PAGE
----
Robbert Gordon

Antony's: 
witness
Birth or Baptism date: 
October 13, 1651

When he was a medical student in Leiden in 1677, Gordon observed microbes through Leeuwenhoek's lenses and described what he saw in a letter to the Royal Society.

Gordon was born in Bergen op Zoom. Ten years after he witnessed Leeuwenhoek's little animals, he married in Rijswijk into a prominent family from Delft and Den Haag. His father-in-law Willem Salden was a clergyman whose portrait was painted three times by Johannes Verkolje.

As secretary to Prinz Georg von Hessen-Darmstadt (not. v. Oerle, Breda 1693) to someone called Hollsteijn-Pleun (not. ? 1696), Gordon lived outside of Holland.

We do not know why Leeuwenhoek involved Gordon in his attempt to convince the Royal Society of the validity of his observations of little animals in pepper water.

Note

Dobell (p. 176) mistakenly identifies him as Sir Robert Gordon (1647-1704), knighted in 1673, member of the Scottish parliament in 1674, and member of the Convention of the Estates of Scotland in 1678. His first wife died in April of 1677, leaving him with an infant daughter. It is unlikely that in June of 1677 he was a medical student in Leiden.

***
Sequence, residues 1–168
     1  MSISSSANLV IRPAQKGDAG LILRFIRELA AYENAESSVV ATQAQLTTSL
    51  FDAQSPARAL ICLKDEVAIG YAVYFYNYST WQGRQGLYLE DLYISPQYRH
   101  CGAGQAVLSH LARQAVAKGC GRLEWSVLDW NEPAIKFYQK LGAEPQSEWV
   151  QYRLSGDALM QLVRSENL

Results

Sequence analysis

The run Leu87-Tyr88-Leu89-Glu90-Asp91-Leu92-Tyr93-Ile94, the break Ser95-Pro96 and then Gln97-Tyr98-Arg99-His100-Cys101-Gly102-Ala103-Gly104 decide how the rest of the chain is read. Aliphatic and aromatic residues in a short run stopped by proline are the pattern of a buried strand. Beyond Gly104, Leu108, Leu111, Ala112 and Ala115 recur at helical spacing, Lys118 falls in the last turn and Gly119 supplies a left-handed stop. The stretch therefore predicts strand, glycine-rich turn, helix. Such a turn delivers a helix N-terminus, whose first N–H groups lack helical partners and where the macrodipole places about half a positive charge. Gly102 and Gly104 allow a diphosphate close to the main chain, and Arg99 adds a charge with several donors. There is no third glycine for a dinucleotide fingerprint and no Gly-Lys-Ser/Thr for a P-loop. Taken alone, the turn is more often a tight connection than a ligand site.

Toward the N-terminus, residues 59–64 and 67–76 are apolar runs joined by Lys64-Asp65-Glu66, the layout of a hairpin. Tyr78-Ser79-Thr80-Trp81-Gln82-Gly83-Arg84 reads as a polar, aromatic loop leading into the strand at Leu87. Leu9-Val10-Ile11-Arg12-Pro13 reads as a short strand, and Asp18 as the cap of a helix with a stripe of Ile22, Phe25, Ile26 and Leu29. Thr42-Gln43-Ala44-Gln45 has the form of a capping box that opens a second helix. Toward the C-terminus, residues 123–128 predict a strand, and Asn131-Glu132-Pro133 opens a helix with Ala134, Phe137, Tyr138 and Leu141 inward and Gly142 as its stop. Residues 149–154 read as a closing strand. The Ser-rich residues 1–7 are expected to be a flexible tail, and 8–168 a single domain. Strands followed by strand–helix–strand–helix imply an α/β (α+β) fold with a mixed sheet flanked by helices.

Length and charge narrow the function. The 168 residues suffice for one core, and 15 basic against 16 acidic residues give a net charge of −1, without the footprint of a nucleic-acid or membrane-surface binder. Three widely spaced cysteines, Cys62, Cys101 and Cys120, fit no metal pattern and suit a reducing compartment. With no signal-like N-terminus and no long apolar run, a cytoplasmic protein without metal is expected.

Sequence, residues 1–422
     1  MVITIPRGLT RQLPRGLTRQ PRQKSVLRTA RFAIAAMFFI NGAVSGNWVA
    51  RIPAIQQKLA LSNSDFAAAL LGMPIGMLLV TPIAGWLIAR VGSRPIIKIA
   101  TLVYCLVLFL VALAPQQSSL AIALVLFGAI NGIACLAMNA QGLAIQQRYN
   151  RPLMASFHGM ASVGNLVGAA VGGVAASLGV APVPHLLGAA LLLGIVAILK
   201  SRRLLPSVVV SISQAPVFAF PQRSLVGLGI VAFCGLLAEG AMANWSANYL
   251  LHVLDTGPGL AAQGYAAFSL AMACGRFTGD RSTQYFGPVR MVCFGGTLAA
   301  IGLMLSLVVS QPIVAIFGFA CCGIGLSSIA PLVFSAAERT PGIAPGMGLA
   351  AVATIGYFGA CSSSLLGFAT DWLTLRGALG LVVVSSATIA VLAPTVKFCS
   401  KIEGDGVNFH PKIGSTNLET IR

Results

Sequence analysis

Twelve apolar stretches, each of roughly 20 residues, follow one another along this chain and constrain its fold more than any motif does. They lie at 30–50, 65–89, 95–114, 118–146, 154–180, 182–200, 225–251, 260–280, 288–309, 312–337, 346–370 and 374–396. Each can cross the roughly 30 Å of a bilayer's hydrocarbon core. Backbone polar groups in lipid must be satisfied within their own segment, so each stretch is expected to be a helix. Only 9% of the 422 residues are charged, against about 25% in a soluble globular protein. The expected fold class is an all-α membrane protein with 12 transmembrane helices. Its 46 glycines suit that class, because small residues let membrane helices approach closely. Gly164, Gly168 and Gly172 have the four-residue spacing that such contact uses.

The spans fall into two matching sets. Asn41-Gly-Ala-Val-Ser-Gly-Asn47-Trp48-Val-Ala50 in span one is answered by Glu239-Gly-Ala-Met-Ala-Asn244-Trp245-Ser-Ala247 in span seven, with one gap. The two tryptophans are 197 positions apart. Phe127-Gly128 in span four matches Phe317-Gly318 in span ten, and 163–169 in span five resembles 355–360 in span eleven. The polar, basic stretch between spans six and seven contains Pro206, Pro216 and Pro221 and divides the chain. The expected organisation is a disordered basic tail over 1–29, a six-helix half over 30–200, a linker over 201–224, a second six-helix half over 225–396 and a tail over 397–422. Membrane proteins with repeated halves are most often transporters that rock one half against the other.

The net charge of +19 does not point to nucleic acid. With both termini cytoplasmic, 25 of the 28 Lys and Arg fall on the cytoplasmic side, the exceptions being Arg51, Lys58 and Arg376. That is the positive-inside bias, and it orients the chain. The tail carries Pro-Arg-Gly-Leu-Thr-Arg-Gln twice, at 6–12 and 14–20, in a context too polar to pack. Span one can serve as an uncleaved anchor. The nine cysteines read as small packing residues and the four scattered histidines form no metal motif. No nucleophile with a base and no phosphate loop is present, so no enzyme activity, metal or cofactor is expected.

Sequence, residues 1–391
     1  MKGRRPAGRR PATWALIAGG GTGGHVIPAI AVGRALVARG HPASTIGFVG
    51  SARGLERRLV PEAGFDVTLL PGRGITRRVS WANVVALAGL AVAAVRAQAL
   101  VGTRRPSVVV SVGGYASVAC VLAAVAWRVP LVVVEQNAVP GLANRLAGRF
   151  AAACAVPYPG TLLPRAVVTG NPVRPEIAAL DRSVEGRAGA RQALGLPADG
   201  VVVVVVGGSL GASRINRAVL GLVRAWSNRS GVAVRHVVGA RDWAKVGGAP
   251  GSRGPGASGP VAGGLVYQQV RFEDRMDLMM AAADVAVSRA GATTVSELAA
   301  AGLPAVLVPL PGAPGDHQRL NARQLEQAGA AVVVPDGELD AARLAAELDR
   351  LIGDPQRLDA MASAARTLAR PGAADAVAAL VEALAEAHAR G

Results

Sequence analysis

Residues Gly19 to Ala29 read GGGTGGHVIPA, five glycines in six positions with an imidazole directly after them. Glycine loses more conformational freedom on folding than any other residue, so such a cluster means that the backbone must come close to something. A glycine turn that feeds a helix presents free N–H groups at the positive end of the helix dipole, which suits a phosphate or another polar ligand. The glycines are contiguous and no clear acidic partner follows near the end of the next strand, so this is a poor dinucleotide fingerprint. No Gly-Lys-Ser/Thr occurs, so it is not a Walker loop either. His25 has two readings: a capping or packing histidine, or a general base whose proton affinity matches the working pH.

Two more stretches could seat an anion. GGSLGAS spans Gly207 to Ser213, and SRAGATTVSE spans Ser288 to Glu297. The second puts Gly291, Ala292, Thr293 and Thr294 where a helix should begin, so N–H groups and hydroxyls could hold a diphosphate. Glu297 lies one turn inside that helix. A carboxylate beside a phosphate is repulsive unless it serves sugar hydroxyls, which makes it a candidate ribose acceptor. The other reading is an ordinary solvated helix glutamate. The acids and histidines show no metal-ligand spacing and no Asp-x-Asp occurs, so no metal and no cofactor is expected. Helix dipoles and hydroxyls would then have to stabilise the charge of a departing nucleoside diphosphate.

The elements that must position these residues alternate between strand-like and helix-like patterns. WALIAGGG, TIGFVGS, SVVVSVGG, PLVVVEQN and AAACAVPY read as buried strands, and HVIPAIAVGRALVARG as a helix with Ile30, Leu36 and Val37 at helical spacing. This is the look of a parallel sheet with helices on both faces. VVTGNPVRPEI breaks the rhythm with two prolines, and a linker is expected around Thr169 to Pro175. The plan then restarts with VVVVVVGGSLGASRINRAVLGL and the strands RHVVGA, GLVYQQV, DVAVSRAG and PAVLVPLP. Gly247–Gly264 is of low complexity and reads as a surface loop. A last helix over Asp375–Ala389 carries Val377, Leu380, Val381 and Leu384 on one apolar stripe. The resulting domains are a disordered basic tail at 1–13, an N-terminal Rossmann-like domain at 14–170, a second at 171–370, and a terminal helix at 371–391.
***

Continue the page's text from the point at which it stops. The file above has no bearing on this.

Alle de Brieven / Collected Letters, vol. 2, p. 449, follows this error: "ROBERT GORDON was the eldest son of the ‘baronet of Gordonstoun in Drainie, Elginshire’. He travelled a good deal on the continent and carried on a correspondence with BOYLE concerning mechanical and chemical subjects. He built an excellent airpump, but let his invention rest. He was a great favourite of King JAMES II, and was made a member of the Royal Society in 1686."

These errors may be why some writers state that the Royal Society sent a contingent of respected people to Delft in 1677 to verify what Leeuwenhoek was doing. In fact, Leeuwenhoek chose his witnesses.